WHEN FENCEPOST ROT SETS IN
The most commonly used trees for fenceposts are softwoods – pine, larch and spruce. They are fast to crop and easy to work with. They may grow quickly, but they tend to rot equally as quickly, even if ‘pressure treated’ where preserving chemicals are applied or injected. A fairly loose and open cellulose structure of this sort means water can quite easily gets into the post. When frost comes the water in the post expands and starts to weaken its integrity.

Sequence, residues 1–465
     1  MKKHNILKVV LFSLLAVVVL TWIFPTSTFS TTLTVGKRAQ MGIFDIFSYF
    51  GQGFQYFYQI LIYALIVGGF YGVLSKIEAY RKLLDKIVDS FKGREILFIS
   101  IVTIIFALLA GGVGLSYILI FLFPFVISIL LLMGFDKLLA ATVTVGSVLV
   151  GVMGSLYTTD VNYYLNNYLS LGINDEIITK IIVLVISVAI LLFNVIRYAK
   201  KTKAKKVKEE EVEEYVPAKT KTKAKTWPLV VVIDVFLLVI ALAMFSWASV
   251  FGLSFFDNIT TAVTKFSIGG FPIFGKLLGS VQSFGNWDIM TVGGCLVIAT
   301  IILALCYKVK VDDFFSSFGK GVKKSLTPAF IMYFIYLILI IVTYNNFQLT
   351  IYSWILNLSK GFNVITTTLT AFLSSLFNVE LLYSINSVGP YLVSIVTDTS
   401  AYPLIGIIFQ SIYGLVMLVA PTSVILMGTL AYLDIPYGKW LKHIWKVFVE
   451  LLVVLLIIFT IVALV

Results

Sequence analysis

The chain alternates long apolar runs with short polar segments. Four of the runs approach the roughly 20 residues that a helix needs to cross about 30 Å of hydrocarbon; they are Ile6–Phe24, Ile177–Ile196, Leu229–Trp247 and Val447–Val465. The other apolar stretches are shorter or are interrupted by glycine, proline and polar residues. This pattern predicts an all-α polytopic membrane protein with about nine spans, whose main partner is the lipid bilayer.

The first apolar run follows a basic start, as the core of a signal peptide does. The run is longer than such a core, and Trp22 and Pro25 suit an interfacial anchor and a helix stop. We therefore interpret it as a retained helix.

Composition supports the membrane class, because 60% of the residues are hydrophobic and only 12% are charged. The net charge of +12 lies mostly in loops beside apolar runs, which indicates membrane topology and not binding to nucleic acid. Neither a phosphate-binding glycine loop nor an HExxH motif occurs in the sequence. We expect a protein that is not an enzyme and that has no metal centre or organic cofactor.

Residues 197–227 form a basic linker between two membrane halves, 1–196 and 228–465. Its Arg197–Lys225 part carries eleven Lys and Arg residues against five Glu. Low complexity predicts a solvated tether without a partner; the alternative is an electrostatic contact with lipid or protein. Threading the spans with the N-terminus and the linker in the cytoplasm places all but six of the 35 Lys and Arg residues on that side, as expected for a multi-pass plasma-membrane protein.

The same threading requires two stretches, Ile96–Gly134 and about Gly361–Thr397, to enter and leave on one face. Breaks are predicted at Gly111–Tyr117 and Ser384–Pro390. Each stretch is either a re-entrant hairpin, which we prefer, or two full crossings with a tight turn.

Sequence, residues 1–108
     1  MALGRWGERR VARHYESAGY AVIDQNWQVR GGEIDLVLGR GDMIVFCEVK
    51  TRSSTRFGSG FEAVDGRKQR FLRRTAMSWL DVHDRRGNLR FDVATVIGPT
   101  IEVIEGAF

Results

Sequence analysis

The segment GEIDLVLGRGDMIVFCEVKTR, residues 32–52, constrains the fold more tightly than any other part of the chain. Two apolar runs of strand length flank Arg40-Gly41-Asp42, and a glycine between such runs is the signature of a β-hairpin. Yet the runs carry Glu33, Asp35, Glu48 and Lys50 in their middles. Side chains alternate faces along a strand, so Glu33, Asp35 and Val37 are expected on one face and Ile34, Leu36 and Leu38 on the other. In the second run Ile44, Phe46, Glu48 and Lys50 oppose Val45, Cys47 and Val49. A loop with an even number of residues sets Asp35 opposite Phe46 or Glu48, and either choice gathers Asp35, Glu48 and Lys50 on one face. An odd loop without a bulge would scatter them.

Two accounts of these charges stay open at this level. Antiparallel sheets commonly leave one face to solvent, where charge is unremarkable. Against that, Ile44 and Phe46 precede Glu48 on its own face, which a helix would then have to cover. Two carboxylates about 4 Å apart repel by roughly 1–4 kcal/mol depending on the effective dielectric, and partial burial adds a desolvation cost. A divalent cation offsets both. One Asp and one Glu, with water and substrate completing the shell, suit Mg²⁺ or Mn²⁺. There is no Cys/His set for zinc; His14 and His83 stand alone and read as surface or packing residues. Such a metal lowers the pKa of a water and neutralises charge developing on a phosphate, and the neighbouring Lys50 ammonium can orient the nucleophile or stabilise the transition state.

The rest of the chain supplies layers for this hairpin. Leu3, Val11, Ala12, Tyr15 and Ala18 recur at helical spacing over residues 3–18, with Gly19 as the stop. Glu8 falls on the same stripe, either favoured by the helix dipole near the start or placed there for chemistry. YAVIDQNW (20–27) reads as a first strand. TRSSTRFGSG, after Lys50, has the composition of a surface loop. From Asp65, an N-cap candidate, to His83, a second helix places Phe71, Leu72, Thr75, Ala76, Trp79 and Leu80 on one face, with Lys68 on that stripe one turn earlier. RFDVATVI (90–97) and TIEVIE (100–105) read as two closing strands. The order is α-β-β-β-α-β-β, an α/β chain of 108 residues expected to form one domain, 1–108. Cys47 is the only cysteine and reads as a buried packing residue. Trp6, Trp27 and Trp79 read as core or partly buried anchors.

In summer, in hot spells, the wood in the post contracts, further compromising the structure through cracking. Essentially your ‘dead wood’ is subject to the erosion process of ‘freeze-thaw’ that has the power to split granite boulders! Furthermore, all these cracks and crevices that open up attract micro-organisms that happily feast on the cracking wood and lead to further deterioration and decay. In warmer parts of Britain this happens all the more quickly.